(SAN BERNARDINO, Calif.) “You’re never too old for immunizations. It is not just children who need immunizations,” said Dr. Albert Arteaga, president and CEO of LaSalle Medical Associates. “Especially as we get older, or when we travel to foreign countries, immunizations are a safe way to guard against diseases that could cause unnecessary pain and suffering.”
For the very youngest adults, those in the 18-26 age category, two immunizations are especially recommended, although both can be given in the preteen and earlier teen years.
The first of these is the meningitis vaccine, as this disease is especially contagious among people who live in close proximity, such as a college dormitory.
“If you are enrolling in college, and are planning to live in a dormitory, and you haven’t been vaccinated for meningitis, you should be vaccinated now,” said Dr. Cheryl Emoto, director of medical services for LaSalle Medical Associates.
Young adults up to age 26 should also receive a vaccine against the human papiolloma (HPV) virus, which is a sexually transmitted disease that infects the genitals, and can cause cancer in either sex, but is especially likely to cause cervical cancer in women. 2010 is the first year it has been available to males.
“The HPV virus is the main cause of cervical cancer in women,” Emoto explained. “It is important that a girl or young woman receive three doses, which are given over a six-month period, before her first sexual encounter in order for the vaccine to be fully effective. Young men can also benefit from this vaccination, especially if they receive it before becoming sexually active.”
Young and older adults may also need a tetanus booster, as it should be given every 10 years.
There are also vaccinations especially recommended for both middle-aged adults and senior adults.
Middle-aged adults, especially those who were less than five years old at any time between 1963 and 1968, should consider a measles/mumps/rubella (MMR) vaccination. This is because a vaccine used during those years relied on a “killed” virus instead of a live virus, which was not as effective as the live virus vaccine used since 1969.
Measles/mumps/rubella vaccines are especially crucial for women of childbearing age, and anyone who attends college or trade school, works in health care or will soon travel internationally or on a cruise ship.
Adults born prior to 1957 usually do not need measles or mumps vaccines, as most of them contracted both mumps and measles before the first vaccine was developed in 1963. However, any in this age category who either work in health care, or who are pre-menopausal women, should consider the MMR vaccine if they have not yet received it.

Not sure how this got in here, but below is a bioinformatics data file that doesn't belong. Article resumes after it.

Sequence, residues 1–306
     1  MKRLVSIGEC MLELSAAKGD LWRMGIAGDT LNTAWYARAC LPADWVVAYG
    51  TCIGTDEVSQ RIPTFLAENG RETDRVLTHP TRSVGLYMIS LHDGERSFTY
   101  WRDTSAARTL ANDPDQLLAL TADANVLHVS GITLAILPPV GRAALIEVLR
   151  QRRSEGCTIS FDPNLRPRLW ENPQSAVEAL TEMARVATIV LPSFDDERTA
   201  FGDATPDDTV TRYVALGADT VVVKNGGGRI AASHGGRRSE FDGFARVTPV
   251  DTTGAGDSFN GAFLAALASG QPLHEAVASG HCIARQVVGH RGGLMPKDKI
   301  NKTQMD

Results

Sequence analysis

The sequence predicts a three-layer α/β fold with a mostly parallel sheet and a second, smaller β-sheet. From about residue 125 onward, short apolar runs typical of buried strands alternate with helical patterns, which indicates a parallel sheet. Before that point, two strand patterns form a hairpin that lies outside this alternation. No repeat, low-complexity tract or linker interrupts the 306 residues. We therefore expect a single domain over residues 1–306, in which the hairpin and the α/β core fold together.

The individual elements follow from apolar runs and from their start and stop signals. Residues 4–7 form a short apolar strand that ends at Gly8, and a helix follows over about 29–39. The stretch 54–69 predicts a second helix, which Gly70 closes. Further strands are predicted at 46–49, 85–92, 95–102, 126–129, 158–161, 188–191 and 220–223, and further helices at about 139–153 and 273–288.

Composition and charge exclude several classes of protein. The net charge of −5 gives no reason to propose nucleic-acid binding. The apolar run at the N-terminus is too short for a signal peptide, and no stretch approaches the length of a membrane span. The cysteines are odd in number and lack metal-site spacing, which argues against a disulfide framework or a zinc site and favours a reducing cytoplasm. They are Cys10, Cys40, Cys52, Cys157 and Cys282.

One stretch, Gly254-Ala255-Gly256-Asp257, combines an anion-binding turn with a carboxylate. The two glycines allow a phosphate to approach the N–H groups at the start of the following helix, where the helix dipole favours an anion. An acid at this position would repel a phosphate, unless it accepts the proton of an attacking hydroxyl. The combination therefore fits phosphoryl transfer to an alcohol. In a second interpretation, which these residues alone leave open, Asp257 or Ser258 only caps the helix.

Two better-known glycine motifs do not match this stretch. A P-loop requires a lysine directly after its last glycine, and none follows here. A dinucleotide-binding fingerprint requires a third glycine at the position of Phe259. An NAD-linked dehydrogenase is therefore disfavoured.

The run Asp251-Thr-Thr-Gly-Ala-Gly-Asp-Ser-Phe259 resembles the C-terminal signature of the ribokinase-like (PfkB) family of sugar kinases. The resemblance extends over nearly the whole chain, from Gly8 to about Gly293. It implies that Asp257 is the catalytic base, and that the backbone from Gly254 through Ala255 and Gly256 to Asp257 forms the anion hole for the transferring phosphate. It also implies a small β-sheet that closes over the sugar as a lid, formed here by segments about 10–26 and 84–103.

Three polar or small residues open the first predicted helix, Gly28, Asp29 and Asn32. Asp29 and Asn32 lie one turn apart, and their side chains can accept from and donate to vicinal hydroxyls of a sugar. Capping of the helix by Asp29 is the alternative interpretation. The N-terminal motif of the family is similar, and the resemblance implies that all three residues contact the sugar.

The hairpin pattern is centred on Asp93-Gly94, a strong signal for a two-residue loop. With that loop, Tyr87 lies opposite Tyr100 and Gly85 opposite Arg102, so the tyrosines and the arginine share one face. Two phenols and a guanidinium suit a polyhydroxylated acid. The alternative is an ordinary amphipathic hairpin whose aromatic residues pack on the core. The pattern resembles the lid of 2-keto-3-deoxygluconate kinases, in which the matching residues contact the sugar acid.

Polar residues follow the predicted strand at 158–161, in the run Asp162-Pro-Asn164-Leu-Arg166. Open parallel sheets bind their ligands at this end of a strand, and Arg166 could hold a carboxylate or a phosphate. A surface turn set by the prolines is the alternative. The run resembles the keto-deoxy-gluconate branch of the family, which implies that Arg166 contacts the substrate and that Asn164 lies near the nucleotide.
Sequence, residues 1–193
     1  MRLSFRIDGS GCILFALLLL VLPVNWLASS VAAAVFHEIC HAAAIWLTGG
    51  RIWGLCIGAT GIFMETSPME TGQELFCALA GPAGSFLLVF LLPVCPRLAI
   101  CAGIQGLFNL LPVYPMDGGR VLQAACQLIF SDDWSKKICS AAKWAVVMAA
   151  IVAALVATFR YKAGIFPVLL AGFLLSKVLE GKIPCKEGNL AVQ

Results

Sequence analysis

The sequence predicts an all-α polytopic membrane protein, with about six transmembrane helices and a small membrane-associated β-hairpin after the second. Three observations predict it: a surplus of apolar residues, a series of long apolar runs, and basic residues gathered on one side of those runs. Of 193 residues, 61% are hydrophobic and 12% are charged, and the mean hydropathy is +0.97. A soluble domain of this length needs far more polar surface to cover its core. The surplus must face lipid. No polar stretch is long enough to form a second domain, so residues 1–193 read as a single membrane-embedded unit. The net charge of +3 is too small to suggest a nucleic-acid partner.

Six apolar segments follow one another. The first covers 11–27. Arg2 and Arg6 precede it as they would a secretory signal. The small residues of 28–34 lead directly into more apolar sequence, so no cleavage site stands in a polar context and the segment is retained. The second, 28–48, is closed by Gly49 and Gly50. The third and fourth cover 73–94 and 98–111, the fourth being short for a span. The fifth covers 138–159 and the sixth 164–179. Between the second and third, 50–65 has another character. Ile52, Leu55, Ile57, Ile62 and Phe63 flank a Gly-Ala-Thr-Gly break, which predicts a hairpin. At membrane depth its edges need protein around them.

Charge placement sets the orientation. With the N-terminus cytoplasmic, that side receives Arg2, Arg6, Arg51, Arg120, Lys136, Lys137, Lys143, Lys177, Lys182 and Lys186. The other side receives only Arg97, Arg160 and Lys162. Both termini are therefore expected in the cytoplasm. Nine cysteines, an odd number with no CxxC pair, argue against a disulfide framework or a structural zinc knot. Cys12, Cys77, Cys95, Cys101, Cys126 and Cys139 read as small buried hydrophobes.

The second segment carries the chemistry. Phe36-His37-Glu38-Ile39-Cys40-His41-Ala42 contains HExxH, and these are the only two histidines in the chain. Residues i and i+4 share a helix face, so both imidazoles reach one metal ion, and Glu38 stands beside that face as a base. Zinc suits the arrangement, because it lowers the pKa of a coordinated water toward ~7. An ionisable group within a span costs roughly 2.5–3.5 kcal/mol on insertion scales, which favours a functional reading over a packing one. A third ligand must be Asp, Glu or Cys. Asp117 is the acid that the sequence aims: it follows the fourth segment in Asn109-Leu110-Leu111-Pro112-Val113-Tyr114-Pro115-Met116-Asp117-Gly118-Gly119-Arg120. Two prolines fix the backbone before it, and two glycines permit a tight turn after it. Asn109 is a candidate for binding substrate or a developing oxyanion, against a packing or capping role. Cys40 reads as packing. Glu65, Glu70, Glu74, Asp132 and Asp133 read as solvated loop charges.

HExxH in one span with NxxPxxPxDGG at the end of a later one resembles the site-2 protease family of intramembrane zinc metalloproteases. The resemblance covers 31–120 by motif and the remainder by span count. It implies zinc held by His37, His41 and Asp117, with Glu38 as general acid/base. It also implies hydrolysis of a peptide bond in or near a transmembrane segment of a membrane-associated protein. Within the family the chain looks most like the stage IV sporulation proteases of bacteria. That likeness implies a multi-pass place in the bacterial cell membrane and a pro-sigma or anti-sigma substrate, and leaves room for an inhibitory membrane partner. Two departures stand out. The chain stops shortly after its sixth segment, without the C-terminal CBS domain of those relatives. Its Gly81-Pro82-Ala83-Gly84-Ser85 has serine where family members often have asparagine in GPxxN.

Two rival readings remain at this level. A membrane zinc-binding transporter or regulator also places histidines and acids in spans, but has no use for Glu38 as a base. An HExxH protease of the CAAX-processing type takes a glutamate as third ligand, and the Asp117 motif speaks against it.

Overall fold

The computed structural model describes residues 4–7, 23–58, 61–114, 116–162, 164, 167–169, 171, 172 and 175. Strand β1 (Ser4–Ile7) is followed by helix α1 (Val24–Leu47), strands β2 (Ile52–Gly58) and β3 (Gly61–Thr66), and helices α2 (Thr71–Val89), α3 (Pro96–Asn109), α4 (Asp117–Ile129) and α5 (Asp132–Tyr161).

But there are vaccines needed for older adults. The pneummococal (pneumonia) vaccine is recommended for all over age 65 and Zoster (shingles) vaccine is recommended for all over the age of 60. Adults over these ages are at greater risk of developing serious health problems if they contract these diseases.
People of any age who are traveling outside the United States may need vaccinations against diseases that are much more prevalent in other countries, such as hepatitis and meningitis.
About LaSalle Medical Associates
LaSalle Medical Associates, Inc., operates four clinics employing more than 120 dedicated healthcare professionals, treating children, adults, and seniors in San Bernardino County. LaSalle’s patients are primarily served by Medi-Cal and they also accept Blue Cross, Blue Shield, Molina, Care 1st, Health Net and Inland Empire Health Plan (IEHP). LaSalle’s clinics are at 17577 Arrow Blvd. in Fontana, 16455 Main St. in Hesperia and 1505 West 17th St. and 565 N. Mt. Vernon Ave. in San Bernardino.
LaSalle Medical Associates, Inc., is also an Independent Practice Association (IPA) of independently contracted doctors, hospitals and clinics, delivering high quality care to more than 245,000 patients in Fresno, Kings, Los Angeles, Madera, Riverside, San Bernardino, San Joaquin and Tulare Counties.
LaSalle’s IPA members in the Inland Empire include: LaSalle Medical Associates, Arrowhead Orthopedics, Arther Medical Group, Rancho Medical Group, Rancho Paseo Medical Group, Alessandro Medical Group Banning Medical Group, and San Bernardino Urological Associates. Hospital affiliations include: Rancho Springs Medical Center, Arrowhead Regional Medical Center, Community Hospital of San Bernardino, St. Bernadine Medical Center, Mountains Community Hospital, Redland Community Hospital, Loma Linda University Medical Center, Corona Regional Medical Center, Riverside County Medical Center, Parkview Community Hospital.